- Public Education Program: Raising public awareness through informational and educational activities on the purpose and function of service dogs, the benefits they accrue to their partners with disabilities, the needs of people with disabilities which can be met with a service dog, and the rights and responsibilities of service dog partners under the Americans with Disabilities Act.
Does the Executive Director expect a revenue shortfall in the upcoming year? If so, the Executive Director should give the board:
1 - A plan on how to reduce expenses.
2 - A description and justification for the top resource need.
1 - Rationale
The Executive Director is essential to a non-profit organization’s success. Thus, it's important that the staff members understand the duties of the Executive Director. This document outlines a plan for replacing the Executive Director, when necessary.
2 - Plan Implementation
The board chair should do the following in the event of an absence.
The Executive Director should inform the board of directors of any absence.
As soon as is workable, the board president must convene an executive committee meeting. At this meeting, the committee should affirm or change the plan as needed.
3 - Priority Functions for the Executive Director of the Organization
The following is a list of key functions of an Executive Director. Also, the following describes who can take over each function in the Executive Director's absence.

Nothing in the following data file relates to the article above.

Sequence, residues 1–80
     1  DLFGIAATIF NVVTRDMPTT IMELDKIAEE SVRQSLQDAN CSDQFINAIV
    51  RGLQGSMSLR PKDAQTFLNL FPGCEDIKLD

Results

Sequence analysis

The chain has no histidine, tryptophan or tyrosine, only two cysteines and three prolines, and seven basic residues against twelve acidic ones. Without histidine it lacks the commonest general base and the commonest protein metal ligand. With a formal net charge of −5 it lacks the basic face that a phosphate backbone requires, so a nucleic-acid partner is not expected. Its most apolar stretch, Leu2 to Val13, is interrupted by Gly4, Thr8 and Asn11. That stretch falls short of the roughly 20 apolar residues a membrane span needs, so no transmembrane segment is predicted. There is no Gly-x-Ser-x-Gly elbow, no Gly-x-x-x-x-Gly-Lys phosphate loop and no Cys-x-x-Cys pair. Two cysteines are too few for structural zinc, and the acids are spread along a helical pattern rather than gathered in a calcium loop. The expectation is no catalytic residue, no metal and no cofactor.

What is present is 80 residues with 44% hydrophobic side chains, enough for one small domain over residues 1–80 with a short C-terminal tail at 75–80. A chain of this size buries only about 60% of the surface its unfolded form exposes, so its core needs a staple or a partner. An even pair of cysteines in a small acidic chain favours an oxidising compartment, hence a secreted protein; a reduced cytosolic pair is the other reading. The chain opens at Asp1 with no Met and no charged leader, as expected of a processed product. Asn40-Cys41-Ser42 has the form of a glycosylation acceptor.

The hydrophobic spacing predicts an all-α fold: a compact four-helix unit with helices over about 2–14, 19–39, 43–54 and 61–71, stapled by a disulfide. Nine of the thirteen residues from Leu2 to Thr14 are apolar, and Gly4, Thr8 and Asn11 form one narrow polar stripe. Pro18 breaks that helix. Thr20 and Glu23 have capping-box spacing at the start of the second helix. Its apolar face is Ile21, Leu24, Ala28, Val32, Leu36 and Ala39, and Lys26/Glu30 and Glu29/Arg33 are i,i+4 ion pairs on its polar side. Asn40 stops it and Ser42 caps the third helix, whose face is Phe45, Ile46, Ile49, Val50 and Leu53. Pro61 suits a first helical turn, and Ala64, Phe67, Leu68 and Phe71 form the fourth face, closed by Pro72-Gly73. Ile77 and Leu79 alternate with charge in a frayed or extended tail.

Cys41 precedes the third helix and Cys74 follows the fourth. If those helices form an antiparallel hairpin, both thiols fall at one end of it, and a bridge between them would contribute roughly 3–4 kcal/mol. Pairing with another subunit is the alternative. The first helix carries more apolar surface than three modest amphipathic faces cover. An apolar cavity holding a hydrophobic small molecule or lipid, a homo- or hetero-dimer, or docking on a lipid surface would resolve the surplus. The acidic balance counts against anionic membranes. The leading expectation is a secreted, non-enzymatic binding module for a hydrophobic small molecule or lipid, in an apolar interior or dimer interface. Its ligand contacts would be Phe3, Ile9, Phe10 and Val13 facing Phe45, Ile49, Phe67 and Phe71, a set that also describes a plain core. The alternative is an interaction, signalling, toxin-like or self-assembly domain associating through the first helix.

- Leadership and Vision: Board Chair with Senior Staff Member
- Board Administration and Support: Senior Staff Member
- Program Management: Senior Staff Member
- Financial Management: Treasurer
- Human Resource Management: Director, Human Resources
- Donor Relations; Community and Public Relations: Board Chair
- Spokesperson: Board Chair or Designee
The positions are approved as of [Date policy adopted]. Are any positions vacant? If so, the board chair must choose other senior staff members for those duties.
4 - Succession Plan in the Event of a Short-Term Planned or Unplanned Absence
a - Definitions
A temporary absence is when the Executive Director lets the board know ahead of time and plans to return. An unplanned absence is one that arises unexpectedly. A "temporary absence" is defined as up to 30 days. A "temporary short-term absence" is defined as between 30 and 90 days.
b - Temporary Staffing Strategy
For temporary absences of 30 days or less, use the above strategy. If it is more than 30 days, the executive committee must determine if another strategy is needed.
c - Appointing an Acting Executive Director
The executive committee may appoint an acting Executive Director, if necessary. They may install the temporary staffing strategy, too.
d - Standing Appointees to the Position of Acting Executive Director
The first position in line to be acting Executive Director is the senior staff member. Next in line is the vice chair, followed by the treasurer.
e - Cross-Training Plan
The Executive Director must develop a training plan for each of their duties. An up-to-date training plan must be attached to this document.
e - Authority and Restrictions of the Acting Executive Director
The Acting Executive Director must have the same authority as the regular Executive Director.
f - Compensation
Both the acting and regular Executive Director should have the same salary and benefits.